visees, and the only question in this case is, whether it shall be ex-
tended to a purchaser for value. This was done in the case of
Admits V. Cowhe^'dy 30 Mo. 458, where there was only a bond for
title ; and since the rule in regard to this lien, in favor of the origi-
nal owner of the note, applied as Avcll where there was an absolute
conveyance, as where there was only a bond for title, we see no rea-
son why the principle asserted in that case should not be applied to
the present. This is positively asserted in Bailey y. Smock, 61 Mo.
213, and is obviously conceded in State National Bank v. Rohidoux^
57 id. .446. "We are aware that there Jire decisions of many of our
State courts against this conclusion, and very respectable authori-
ties are adverse to the enforcement of such liens under any circum-
stances, and very nice discriminations have been made in regard to
the principle upon which this lien was originally conceded. Some
courts call it a trust, and some an equity. But the only question
we have to decide, under the decisions of our court is, whether the
assignee for value of a note for the purchase-money of real estate
occupies a worse position than the heir or devisee of such note. No
reason has been suggested why such a discrimination should be
made, and we therefore simply assume it our duty to follow estab-
lished precedents here, upon a point where the diversity of opinions
in the State courts is irreconcilable. Judgment of the Circuit
Court is therefore affirmed.

Judgment affirmed.
All the judges concur.



CiTT OF Cabthage V. FiRST Natiokal Bakk of Cabthaos.

(71 Mo. fiOS.)

National bank — taxaUon — licente.

A city baa no power to exact a license fee from a National bank.

4CTI0N for license fee. The opinion states the case. The plaint-
iff had judgment below.



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APRIL TERM, 1880. 495



CitT of Carthmge ▼. First National Bank of Carthage.

E^ <7. MonUigue, for appellant.
J/. G. McGregor y for respondent.

NoRTOX, J. By tlio record it appears that on the 27th day of
December, 1876, complaint was filed before G. M. Robinson, city
recorder of respondent, charging that appellant did set up, keep
and carry on the business of banking within the corporate limits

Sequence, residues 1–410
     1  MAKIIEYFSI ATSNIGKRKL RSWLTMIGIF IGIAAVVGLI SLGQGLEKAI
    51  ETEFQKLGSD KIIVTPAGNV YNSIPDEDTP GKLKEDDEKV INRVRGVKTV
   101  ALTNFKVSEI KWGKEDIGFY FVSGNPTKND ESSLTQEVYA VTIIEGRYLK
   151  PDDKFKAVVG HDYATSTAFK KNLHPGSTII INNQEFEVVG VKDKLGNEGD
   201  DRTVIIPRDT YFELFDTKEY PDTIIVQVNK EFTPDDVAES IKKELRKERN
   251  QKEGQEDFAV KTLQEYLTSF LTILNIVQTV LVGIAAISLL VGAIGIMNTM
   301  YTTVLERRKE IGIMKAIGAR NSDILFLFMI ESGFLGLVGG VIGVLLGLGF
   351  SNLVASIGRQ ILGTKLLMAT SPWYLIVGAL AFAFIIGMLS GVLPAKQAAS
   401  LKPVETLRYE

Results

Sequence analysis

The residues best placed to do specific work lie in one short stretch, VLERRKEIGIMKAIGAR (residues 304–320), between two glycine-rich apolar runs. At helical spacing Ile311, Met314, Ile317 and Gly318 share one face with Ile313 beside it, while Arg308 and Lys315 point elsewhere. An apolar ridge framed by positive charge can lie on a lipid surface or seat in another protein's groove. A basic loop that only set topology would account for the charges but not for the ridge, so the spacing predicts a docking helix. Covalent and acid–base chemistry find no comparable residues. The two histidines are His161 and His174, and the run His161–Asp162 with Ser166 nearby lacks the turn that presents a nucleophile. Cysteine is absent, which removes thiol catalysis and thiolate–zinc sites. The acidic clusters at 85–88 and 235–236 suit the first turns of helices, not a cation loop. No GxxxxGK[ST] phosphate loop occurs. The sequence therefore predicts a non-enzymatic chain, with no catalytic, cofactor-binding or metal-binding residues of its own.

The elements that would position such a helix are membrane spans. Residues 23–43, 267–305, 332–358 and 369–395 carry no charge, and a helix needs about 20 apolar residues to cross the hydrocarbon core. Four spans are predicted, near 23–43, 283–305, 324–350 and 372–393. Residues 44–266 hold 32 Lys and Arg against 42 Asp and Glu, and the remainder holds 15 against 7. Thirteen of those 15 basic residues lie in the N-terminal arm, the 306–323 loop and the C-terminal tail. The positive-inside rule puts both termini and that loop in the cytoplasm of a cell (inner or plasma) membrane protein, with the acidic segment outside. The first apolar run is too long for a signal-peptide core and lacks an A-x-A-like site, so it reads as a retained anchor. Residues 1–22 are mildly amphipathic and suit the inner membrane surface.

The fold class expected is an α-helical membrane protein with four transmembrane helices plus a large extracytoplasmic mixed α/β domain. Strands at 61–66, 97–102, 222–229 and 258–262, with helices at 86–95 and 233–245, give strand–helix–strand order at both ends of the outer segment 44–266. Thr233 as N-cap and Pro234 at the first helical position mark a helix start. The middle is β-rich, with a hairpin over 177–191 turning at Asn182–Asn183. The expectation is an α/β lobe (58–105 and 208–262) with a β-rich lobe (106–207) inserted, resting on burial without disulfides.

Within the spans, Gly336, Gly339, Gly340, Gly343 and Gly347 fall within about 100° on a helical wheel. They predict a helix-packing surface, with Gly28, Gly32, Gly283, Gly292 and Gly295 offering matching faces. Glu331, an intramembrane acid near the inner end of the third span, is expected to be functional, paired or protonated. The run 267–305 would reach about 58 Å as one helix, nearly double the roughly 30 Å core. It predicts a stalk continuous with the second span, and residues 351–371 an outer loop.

of said city, without first having obtained a license from said
city of Carthage as a banker, contrary to the provision of section 7
of ordinance No. 10, which section reads as follows, to wit: **No
person or corpomtion shall be authorized to set up, keep, carry on,
or maintain tho business of banking, money broker, or exchange
dealer, either under or by virtue of tlic laws of the State or of the
United States, nor shall any i)ersoii or corporation set up, carry on,
or maintain any pavings association or institution, for tho purpose
of dealing in exchange or doing a bankingor loan business within
the limits of tlie city of Carthage, unless such person or corpora-
lion shall first obtain a license fnmi said city as a banker, broker
or cxehango dealer/' On the trial of the cause before the city re-
corder, judgment for $100 was rendered for plaintiff, and on appeal
therefrom to the Common Pleas Court of Jasper couuty, defendant
demurred to the complaint on the ground that tho ordinance on
which it was bused was void, for want of authority in the general
assembly to authorize its enactment, and because the ordinance
imposed a tax on defendant. Tho demurrer was overruled and
judgment rendered for plaintiff, from Avnich defendant has appealed.

In tho case of McCuUoch v. State of Maryland, 4 Wheat 316, it
was held that Congress had the constitutional right to authorize
the incorporation of banks ; that a bank thus incorporated had a
right to establish its offices of discount and deposit within any State,
and tliat when so established the State could not tax it. This de-
cision was made with reference to tho question whether the State of
Maryland could impose a tax on the Bank of the United States,
incorjwrated under an act of Congress of April 10, 1816. The prin-
ciple therein announced, has been reaflSrmed and applied to the act
of Congress authorizing the incorporation of National banks, in the